In the waiting hall of Moscow’s Sakharovo Migration Center that is often packed with foreign workers applying for work or residency permits, a poster — in Tajik, Uzbek, and Kyrgyz — hangs on the wall.
“Are you interested in obtaining Russian citizenship in a simplified way by joining the armed forces as a contractor?” it asks.
The permit center is also frequented by army recruiters who single out military-age men to try to convince them to join the Russian armed forces in Ukraine, several Tajik migrants say.
“Once you submit your application, the recruiters take you to another room for a ‘consultation,’ and there they start sweet-talking you into agreeing to go to the war,” one migrant told RFE/RL’s Tajik Service on condition of anonymity.
Military recruiters “who were somewhat discreet in the past” have become more open and assertive in approaching Central Asian migrants, many claim, as Russia scrambles to recruit more fighters for its army in Ukraine, which has suffered massive losses since its full-scale invasion in February 2022.
To enhance the “pool” of potential recruits, a Russian lawmaker this week called for legislation that would make it easier for the military to call up people from Central Asia and the Caucasus who have obtained Russian citizenship.
Mikhail Matveyev, a Duma member, criticized naturalized citizens’ reluctance to fight for Moscow, while he said the “indigenous people of Russia were dying for their homeland.”
More than 20,000 Russian troops have been killed and 80,000 wounded in Ukraine since the beginning of December, the U.S. National Security Council said early this month. Other estimates suggest Russian forces have suffered far greater losses. Moscow does not report its casualty figures.
Despite the losses, Russia did not announce a new call-up this year after a “partial military mobilization” in September 2022 prompted thousands of men to flee abroad.
Instead, Russian authorities intensified efforts to attract contractors — both among Russian citizens and migrant workers — offering them money and other enticements.
Yes To Benefits, No To War?
From the early months of Moscow’s brutal invasion of Ukraine, Russian recruiters have targeted migrant laborers, approaching them in migration centers, mosques, and dormitories.
Matveyev on May 10 requested that Defense Minister Sergei Shoigu provide information about how many naturalized citizens — the majority of whom hail from Central Asia and the Caucasus — have been enlisted to the army since the beginning of 2022.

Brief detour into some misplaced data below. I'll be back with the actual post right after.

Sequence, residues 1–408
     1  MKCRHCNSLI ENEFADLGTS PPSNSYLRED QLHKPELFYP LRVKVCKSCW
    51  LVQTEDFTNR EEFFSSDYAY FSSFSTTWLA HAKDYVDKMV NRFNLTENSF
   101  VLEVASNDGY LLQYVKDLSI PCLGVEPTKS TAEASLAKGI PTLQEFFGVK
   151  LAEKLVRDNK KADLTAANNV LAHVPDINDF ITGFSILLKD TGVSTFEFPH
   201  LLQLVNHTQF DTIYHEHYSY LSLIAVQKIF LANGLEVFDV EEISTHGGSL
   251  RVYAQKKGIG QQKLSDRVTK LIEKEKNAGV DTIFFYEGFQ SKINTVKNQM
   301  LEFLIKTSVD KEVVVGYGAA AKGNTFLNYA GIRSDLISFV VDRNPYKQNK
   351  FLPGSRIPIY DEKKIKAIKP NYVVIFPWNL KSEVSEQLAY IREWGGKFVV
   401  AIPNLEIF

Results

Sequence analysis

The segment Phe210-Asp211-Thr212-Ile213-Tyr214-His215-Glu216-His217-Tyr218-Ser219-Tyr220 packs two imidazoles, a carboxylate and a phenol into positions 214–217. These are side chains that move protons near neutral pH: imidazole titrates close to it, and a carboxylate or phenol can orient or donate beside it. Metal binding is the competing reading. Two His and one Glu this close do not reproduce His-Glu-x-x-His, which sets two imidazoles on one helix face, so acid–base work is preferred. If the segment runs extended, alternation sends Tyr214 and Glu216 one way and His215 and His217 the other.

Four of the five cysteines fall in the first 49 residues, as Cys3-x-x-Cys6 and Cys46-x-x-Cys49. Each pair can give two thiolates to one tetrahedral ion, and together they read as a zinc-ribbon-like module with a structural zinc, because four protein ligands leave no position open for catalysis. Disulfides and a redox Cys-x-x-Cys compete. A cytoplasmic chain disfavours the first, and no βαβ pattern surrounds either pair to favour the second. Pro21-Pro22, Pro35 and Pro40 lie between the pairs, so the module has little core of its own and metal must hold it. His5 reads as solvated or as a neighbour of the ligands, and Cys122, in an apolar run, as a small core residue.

Matveyev has been vocal in recent days in condemning the migrants-turned-citizens’ unwillingness to join what Moscow calls a “special military operation” in Ukraine, while readily collecting welfare and other social benefits from the state.
They instead join the army of taxi drivers, street sweepers, and construction workers in Russia, Matveyev wrote on Telegram. “We don’t see them on the battlefield,” he said. “There is a war going on, Russia needs soldiers.”
The lawmaker said naturalized citizens — most of whom are believed to have kept their original citizenship — have been “conveniently” using their “dual-citizenship” status to avoid going to war.
Matveyev’s comments — as well as several posts he shared from other Telegram users — also questioned whether the Russian authorities were hesitant to send the “dual citizens” to Ukraine over some legal, political, or potential security implications.
Matveyev announced that he had been studying federal laws and preparing amendments to remove any existing obstacles to the military mobilization of dual citizens. He didn’t say when the bill would be presented to parliament.
In his letter to Shoigu, the lawmaker asked for proposals “for the improvement of federal legislation regarding provision for the needs of the Russian armed forces and their reserves for mobilization from the pool of individuals who have obtained Russian citizenship.”
He said more than 500,000 Tajiks have received Russian passports since 2016. That is followed by 310,000 Kazakhs, 230,000 Armenians, and 170,000 Uzbeks, he added.
The wave of labor migration to Russia continues despite the war in Ukraine and its economic fallout. According to Russian government statistics, 1.3 million migrants entered Russia just in the first quarter of this year, 60 percent more than the same period in 2022.
About half of the new arrivals are Uzbek nationals, followed by 350,000 Tajiks, and just over 172,000 Kyrgyz.
‘I Would Have Fought For Russia If It Hadn’t Been The Aggressor’
Negmat, a former teacher from Tajikistan, works as a builder in a private construction company on the outskirts of Moscow. Negmat, who asked that his family name not be published, obtained Russian citizenship last year along with his family of seven.
As a Russian citizen, Negmat’s wife received a onetime payment of about $10,000 as the so-called “maternity capital” Moscow, has introduced to tackle the sharp decline in the country’s population. The family used the money as a down payment for an apartment in a high-rise building in Podmoskovye in April.
They also receive a regular child-support payment. Negmat, 37, agrees that naturalized citizens from Central Asia “who usually have large families, get more welfare benefits than ethnic Russians.”
Negmat hasn’t received a military summons. As the father or five children he might be spared enlistment, he told RFE/RL on May 12.
Negmat said he “likes living in Russia and calls it home.” Asked if he would go to war in Ukraine if the army summoned him, Negmat unreservedly said he wouldn’t.
“Maybe, I would have fought for Russia if it was attacked,” he said. “But Russia is the aggressor in this war. I don’t feel bad about not fighting for Russia in Ukraine.”
Source : Rferl